When Youkilis attacks

Back in July of 2008 I was lucky enough to sit in box seats for a Yankees-Red Sox tilt. It was hot and hazy, the kind of day where you can’t see the sun behind the cloud cover but you still need sunglasses. We settled into our seats on the third base side, over the Red Sox dugout, halfway between third base and home plate. It was a fantastic game, a much-needed win for the home team, and when it was over Kevin Youkilis taunted me.

The Yankees had lost the day before when Darrell Rasner got slapped around by Boston on the Boss’ birthday. They had fallen to 45-42, good for nine games back of the division leader Tampa Bay Rays and good enough for fourth place. The Yankees needed a win, and they were sending Mike Mussina to the mound to oppose youngster Justin Masterson. The two hurlers couldn’t have been more different. Mussina was 6’2″, 185 pounds soaking wet, and Masterson was 6’6″ and every bit his listed weight of 250 pounds. Mussina was in the last year of his professional career and Masterson was in his first. Mussina got by on a fastball well short of 90 mph thanks to his ability to keep batters off-balance with a myriad of offspeed offerings. Masterson was a classic sinker/slider pitcher; everything seemed hard and fast. Mussina was deliberate, slow, and almost artful in his over-the-top delivery. Masterson was more or less a sidearmer, and seemed to release the ball halfway to home plate.

The game turned out to be a pitcher’s duel, to my delight. Moose and Masterson were spectacular. Mussina went 6 innings, giving up 4 hits, walking 1 and striking out 5. Masterson was no pushover either, and his sinker was working well. He went six innings, walking 2 and striking out 2, and getting 11 ground balls. The Yankees were able to get two runs off him, from a Melky single that scored Giambi and a Brett Gardner sacrifice fly that scored Wilson Betemit. Going into the seventh inning the Yankees led 2-0.  As crazy as it sounds now, Jose Veras and Kyle Farnsworth were in charge of the seventh and eighth inning. Here’s the crazier part: they held the Red Sox scoreless. We had made it to the ninth inning. The familiar tones of  “Enter Sandman” rang out and #42 came running in. Game over, we thought.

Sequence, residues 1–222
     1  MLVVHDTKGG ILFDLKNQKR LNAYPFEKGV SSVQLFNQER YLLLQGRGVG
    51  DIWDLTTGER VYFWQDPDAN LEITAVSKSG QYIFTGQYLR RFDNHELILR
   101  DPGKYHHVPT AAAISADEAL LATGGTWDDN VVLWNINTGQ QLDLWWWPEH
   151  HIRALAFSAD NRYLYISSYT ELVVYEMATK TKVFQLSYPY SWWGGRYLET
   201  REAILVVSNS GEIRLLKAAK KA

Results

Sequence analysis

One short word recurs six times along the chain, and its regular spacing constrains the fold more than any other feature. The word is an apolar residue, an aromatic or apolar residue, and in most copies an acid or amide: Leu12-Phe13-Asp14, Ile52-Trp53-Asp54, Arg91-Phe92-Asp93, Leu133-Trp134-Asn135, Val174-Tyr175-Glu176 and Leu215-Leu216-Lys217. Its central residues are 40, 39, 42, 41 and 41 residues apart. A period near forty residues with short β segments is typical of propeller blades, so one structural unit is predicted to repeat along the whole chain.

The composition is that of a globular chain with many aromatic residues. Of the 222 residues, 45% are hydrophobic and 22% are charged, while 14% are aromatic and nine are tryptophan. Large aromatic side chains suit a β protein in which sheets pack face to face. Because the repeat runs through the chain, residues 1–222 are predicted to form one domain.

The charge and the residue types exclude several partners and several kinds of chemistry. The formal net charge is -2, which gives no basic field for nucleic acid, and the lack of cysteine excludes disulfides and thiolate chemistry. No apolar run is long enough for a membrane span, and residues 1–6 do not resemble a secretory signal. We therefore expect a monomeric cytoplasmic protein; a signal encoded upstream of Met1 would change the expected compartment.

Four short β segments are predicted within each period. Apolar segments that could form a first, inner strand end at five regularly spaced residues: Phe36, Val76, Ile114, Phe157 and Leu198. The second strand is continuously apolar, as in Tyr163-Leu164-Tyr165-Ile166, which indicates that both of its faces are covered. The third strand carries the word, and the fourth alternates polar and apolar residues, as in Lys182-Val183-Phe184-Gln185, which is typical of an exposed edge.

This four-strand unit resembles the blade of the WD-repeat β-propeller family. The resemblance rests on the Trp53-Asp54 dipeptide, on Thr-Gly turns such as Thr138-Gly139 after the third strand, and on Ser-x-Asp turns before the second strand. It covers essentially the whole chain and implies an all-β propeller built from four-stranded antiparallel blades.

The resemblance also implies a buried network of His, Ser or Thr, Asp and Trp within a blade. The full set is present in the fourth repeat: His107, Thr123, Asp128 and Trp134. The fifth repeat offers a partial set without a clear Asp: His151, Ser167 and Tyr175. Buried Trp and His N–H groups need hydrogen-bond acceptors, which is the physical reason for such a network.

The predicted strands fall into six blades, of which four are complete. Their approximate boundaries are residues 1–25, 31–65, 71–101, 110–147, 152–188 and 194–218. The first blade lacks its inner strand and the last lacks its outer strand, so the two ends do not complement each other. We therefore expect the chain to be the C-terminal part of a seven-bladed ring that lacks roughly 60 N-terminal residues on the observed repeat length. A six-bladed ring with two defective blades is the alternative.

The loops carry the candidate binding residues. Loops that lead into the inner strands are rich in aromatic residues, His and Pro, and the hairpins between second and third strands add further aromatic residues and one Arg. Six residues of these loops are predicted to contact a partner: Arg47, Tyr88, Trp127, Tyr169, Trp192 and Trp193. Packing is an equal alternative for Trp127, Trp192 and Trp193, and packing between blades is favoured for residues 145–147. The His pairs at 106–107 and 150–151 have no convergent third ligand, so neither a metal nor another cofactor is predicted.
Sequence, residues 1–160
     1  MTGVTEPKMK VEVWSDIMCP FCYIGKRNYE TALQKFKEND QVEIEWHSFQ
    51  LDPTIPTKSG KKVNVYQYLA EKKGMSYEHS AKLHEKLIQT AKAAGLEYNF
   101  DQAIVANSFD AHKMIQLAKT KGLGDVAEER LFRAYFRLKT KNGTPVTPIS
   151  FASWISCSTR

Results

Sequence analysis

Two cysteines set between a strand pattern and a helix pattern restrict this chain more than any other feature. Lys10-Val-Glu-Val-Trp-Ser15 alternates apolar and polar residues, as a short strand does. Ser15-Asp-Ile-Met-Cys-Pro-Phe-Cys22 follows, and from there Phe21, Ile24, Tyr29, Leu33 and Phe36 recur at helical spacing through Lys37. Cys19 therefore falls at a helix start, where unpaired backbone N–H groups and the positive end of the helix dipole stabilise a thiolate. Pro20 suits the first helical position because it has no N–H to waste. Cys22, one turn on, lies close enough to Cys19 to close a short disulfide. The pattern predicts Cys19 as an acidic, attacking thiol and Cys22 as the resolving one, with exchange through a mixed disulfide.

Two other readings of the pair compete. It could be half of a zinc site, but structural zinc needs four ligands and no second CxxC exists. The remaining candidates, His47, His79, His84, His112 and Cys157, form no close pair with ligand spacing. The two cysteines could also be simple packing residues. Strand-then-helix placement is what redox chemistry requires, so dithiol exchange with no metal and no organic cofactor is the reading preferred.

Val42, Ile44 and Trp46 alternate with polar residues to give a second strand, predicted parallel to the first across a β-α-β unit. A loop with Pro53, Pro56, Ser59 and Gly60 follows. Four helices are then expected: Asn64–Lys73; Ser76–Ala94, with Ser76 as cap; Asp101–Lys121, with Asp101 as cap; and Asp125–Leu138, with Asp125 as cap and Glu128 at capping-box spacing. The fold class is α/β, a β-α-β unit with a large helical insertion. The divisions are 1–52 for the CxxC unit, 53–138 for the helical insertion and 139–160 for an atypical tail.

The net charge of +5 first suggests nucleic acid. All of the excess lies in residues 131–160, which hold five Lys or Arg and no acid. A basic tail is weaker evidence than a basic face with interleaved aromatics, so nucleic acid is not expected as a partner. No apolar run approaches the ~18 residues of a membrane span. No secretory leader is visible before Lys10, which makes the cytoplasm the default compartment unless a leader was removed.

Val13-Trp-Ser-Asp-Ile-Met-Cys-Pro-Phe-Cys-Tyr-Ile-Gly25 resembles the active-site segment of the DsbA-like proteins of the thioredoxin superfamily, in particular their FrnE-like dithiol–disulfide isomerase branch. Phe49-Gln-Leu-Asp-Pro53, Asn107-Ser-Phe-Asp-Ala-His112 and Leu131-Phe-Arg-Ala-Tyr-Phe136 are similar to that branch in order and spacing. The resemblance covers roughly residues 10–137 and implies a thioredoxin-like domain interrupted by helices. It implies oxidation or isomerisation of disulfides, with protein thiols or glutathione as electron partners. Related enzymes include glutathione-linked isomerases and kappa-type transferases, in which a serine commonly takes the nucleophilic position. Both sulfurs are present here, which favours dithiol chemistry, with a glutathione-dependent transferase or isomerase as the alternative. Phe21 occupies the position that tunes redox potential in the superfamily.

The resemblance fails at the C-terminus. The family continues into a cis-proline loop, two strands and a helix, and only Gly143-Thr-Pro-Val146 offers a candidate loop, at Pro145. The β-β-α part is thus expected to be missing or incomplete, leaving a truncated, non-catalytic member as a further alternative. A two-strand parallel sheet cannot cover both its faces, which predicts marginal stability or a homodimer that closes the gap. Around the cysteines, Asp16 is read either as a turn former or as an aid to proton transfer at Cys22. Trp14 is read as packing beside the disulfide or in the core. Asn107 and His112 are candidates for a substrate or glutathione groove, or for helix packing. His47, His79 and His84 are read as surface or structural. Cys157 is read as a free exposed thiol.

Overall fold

JD Drew led off the top of the ninth inning and singled to center. Next up was Manny Ramirez, and Rivera promptly plunked him. This put a runner on first and second with no one out. Brandon Moss came in to run for Manny, and Mike Lowell came to the plate and promptly singled to right, scoring JD Drew and moving Moss to second. Now the score was 2-1, with no one out and runners on first and second. Kevin Youkilis came to the plate and Rivera hit him too. Now the bases were loaded and no one was out. The Yankees had a one run lead.

I can’t tell you what went through the crowd with the bases loaded and no one out, with Rivera struggling with his control, with the Red Sox threatening to ruin our afternoon and keep us in fourth place. No one can tell you what a group of people is feeling at a given point in time, let alone fifty thousand people. It doesn’t matter how intuitive they are or how skilled they are at putting words down on paper: it inevitably becomes a generalization, a shaping of the facts to fit the narrative. It falls short. I won’t do that.

All I can do is tell you what I felt like. I didn’t feel brash confidence or psychic dread. No, I felt the annoying sensation of “Oh, you HAVE to be kidding me. Of all the games I go to, of all the times I get to sit in box seats, NOW is when Mariano decides to melt down? He couldn’t have just, I don’t know, waited a week to blow the lead against some other team?” It was that fundamentally New York feeling of being personally aggrieved by the conspiratorial forces of the universe, the forces actively attempting to just ruin your day. It was the same feeling I get when I’m waiting for an A train that just will not show up. That’s how I felt. What my other 50,000 friends felt, I can’t say.

Coco Crisp stepped to the plate and I was feeling this feeling and also a good amount of nervousness. I didn’t respect Coco Crisp as a professional hitter, but Rivera was suddenly a rare combination of hittable and wild. There was still nobody out and the tying run was 90 feet away. But something happened. Maybe Rivera found his control, maybe he remembered that he was Rivera, maybe he decided to stop screwing around. I don’t know, but he somehow got it back, and struck out Coco Crisp. One out.